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The relief outing that sealed Mussina's HOF call

@BryanHoch
September 1, 2019

NEW YORK -- Eight innings before Aaron Boone drove a knuckleball over the left-field wall to secure the 2003 American League pennant, authoring an indelible memory for countless fans of a certain age, Mike Mussina peered through the plexiglass window of the Yankee Stadium bullpen and heard a ringing telephone.

NEW YORK -- Eight innings before Aaron Boone drove a knuckleball over the left-field wall to secure the 2003 American League pennant, authoring an indelible memory for countless fans of a certain age, Mike Mussina peered through the plexiglass window of the Yankee Stadium bullpen and heard a ringing telephone. The call was for him.

With the season on the line, Mussina had promised pitching coach Mel Stottlemyre that he could toss a few innings, and Roger Clemens was making it necessary. Homers by Trot Nixon and Kevin Millar had staked the Red Sox to a 4-0 lead by the fourth inning, and as Mussina hurriedly snapped curveballs, sinkers and sliders into the bullpen catcher's glove, he experienced a moment of anxiety that had nothing to do with Boston's powerful lineup.

Mussina's journey to the Hall of Fame

"I'm a starter. I don't jog across the field," Mussina said. "I walk across the field with the pitching coach, with my jacket on, 10 minutes before the game starts. I don't run across the field straight at the mound with 10 million people watching on television and the whole stadium going nuts. I just didn't want to fall down, didn't want to trip and fall down or look stupid running. I could hear my heart beating in my ears."

Mussina decided that his safest play would be to jog across the outfield grass, then walk when he reached the infield dirt. Mussina remained upright, and when he ascended the mound to accept the baseball from manager Joe Torre, he surveyed the scene. Trot Nixon on third base, Bill Mueller on first, nobody out and Pedro Martinez looking sharp. Go get 'em, Moose.

"I'm in relief in a game that we're probably going to lose," Mussina said. "Pedro is pitching for the other team and we're already down 4-0. Most likely, this isn't going to work out for us. … It didn't seem like a big deal at all. It seemed like mop-up time. If I do that 20 times, how many times do we come back and win? Once? Twice, maybe?"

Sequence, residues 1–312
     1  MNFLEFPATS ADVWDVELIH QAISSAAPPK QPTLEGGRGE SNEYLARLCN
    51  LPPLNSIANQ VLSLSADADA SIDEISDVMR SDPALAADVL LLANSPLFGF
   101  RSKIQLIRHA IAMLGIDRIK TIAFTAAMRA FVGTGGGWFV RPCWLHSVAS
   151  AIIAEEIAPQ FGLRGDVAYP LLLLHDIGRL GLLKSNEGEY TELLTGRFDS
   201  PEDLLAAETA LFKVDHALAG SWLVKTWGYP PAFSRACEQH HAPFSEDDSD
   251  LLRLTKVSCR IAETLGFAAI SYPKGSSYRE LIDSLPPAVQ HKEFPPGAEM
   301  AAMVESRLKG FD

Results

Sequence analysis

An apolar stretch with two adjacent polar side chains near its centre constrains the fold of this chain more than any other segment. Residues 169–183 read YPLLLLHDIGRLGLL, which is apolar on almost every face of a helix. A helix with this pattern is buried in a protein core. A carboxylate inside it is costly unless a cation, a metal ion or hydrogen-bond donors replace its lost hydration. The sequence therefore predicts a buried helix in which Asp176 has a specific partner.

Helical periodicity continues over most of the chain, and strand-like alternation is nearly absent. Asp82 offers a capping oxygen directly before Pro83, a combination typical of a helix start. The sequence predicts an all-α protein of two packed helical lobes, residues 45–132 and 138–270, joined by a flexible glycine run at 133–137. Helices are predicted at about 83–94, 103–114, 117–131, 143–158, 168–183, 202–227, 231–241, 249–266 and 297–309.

Of course, the Yankees did come back to win. Mussina struck out Jason Varitek, then induced Johnny Damon to hit into a double play, then held Boston down in the next two frames. Mussina said that those three innings probably represent a significant portion of the resume that -- in his sixth try – granted induction into the National Baseball Hall of Fame.

"When we won Game 7 in '03, he's my biggest memory of that, seeing the aftermath and the joy that he was experiencing in the afterglow of that game," Boone said. "I loved playing behind him. He was so good at his craft. You felt a responsibility playing behind him. There was an intensity to him. I loved being around him. I'm just glad to see him get the recognition of the Hall of Fame for how great a pitcher he was."

The Yankees celebrated Mussina's selection on Sunday, as he tossed a ceremonial first pitch to his son, Peyton, a high school junior. As part of the festivities, the club made a $35,000 donation to the Montoursville (Pa.) Area High School Athletic Department, where Mussina volunteers coaching youth sports.

"All the kids that I know now were all too young to remember that I played," Mussina said. "They have to go on YouTube or something to find a video, and all they ever find is me yelling at Torre (to stay in the dugout)."

Six weeks after joining Mariano Rivera, Edgar Martinez, Harold Baines, Lee Smith and the late Roy Halladay in comprising the Hall's Class of 2019, the owner of 270 Major League victories for the Orioles (1991-2000) and Yankees (2001-08) said that it is still strange to think about his name being placed alongside the legends who inhabit Cooperstown.

"None of us ever start out to achieve something like this," Mussina said. "We just play the game because we love to play the game, and people keep telling us that we're good enough to keep playing. I still don't know how it happened. I was just pitching, doing what I was supposed to be doing and what I liked to do."

Bryan Hoch has covered the Yankees for MLB.com since 2007. Follow him on Twitter @bryanhoch and Facebook.